It's not a 911 if there's no boxer engine (cylinder heads opposed to each other in a horizontal plane), the 4S features a flat-six direct-injection 3.8-litre engine that puts out 400PS at a rather high 7400rpm and 440Nm of peak torque produced at 5600rpm. On the road, the 911 4S is really fast. With launch control 100kmph comes up in 5 seconds flat while 200kmph comes in easily at just 16.79 seconds. The quarter mile dash is crossed in 13 seconds. Respectable figures from a naturally aspirated engine. The power delivery is phenomenal after 5500rpm and the engine screams all the way to 8000rpm.
A quick shifting Porsche Doppelkupplung (PDK) twin-clutch transmission ensures there is very little loss of power. On the highway, the same engine becomes calm and effortless while cruising. To give you a clear picture, at 100kmph in top gear, the engine runs at 1600rpm while at 200kmph the odometer reads just 3000rpm! The car crossed 250kmph with ease and we went on to see 261.70kmph before we ran out of space. The claimed figure is a higher 297kmph.
Adding to the experience is something called a sound symposer. Once activated, the engine note fills the cabin via an acoustic channel. Unlike some other cars we know, this fills the cabin with the actual sound of the engine and not something digitally fabricated to induce thrill. Did we say purity - this is what we are talking about. Floor the throttle, lift off and the exhaust rumbles on for a few moments concentrating the adrenaline. And then within a fraction of a second the 911 4S is punching a hole through the air ahead of it, viciously! Everything comes together in a sensational crescendo for those few moments until you let go of the throttle and step on the brakes.
In terms of efficiency, the car returned a shocking 9.8kmpl on the highway. Even with enthusiastic driving that involved about six launch control acceleration runs, the car still returned 5kmpl.
Even more shocking is the ride quality, despite running 20-inch wheels with low profile rubber, the car didn't complain and easily rode over bumpy roads. The ride can't be compared to a luxury car but it is definitely the best I've come across in any supercar. The adjustable two-stage damper is perfectly balanced, never too stiff and never too soft. The electronic power steering in the new generation Carrera also makes it very easy to drive, however it feels best as speeds increase since the steering gets heavier and more direct.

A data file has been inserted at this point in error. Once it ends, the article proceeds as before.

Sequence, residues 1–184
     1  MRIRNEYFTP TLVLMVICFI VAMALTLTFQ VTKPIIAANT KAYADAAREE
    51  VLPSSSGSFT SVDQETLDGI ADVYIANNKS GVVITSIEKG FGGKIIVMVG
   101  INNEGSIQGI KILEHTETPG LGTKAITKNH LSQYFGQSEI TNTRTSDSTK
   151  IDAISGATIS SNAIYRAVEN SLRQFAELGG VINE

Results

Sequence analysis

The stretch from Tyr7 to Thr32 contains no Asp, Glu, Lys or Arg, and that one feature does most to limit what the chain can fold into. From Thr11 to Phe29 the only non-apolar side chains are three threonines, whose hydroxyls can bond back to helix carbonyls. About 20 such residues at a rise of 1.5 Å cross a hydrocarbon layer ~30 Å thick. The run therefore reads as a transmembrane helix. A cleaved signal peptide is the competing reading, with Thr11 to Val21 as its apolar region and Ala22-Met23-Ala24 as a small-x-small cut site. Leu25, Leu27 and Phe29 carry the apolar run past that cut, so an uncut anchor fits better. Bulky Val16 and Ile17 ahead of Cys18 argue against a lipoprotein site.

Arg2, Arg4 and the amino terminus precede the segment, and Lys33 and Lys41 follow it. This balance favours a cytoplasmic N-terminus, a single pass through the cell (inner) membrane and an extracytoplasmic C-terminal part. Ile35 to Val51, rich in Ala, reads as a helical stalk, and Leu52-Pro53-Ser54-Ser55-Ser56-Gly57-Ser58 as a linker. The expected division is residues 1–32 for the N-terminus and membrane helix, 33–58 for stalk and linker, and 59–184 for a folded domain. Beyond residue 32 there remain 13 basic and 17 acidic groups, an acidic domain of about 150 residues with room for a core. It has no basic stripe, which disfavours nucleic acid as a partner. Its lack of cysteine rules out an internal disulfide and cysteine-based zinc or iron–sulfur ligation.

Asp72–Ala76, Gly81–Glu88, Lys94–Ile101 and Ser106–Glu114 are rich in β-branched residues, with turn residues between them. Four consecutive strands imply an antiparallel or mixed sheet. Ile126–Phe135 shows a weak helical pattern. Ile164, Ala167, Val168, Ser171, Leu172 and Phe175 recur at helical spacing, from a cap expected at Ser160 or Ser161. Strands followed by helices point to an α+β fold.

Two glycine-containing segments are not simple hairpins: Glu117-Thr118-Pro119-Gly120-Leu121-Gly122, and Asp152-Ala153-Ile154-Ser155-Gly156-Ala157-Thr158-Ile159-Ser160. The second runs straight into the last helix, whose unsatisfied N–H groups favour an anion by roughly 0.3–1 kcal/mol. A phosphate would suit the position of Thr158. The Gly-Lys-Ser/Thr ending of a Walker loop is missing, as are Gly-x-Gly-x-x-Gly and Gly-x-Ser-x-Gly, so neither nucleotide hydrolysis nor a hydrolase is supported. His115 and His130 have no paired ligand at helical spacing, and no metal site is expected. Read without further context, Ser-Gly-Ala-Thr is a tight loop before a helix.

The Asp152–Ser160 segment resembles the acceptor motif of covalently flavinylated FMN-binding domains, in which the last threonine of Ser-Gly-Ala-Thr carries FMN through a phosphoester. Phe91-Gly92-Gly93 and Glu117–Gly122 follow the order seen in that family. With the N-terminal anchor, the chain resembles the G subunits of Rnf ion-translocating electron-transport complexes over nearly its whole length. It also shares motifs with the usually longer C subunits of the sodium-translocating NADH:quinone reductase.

So what does the all wheel drivetrain bring to the 911? The biggest benefit is of course, the improvement in traction. Electronics take care of torque distribution at all times ensuring very wheel knows exactly what it must do. Before you start arguing that all this four-wheel-delivery makes the 911 4S less of a purist's car let me tell you the front/rear torque split is normally 0:100 per cent. This makes it as much fun to drive as a regular 911, but if traction is lost, say when you're driving downhill on a wet road, power from the rear can be diverted to the front wheels. In theory, 100 per cent torque can go to the front but in reality its never more than 54 per cent to the front and 46 to the rear. Let me also tell you, the drive feel is just incredible. It still has the mannerisms of a rear-wheel drive car especially around corners. Only when we ended up going too hot around one particular corner did I feel the AWD system kicking in.
So is it really worth shelling out Rs 1.45 crore (Rs 9 lakh more than the Carrera S) for a four-wheel drive Porsche? Well, let me put it this way. We really haven't driven enough powerful, rear wheel drive cars to pull Tokyo drift style powerslides while bobbing our heads to Teriyaki Boys. So if somebody gave you a car that would let you do similar shenanigans with a failsafe that will save your skin, would you say no?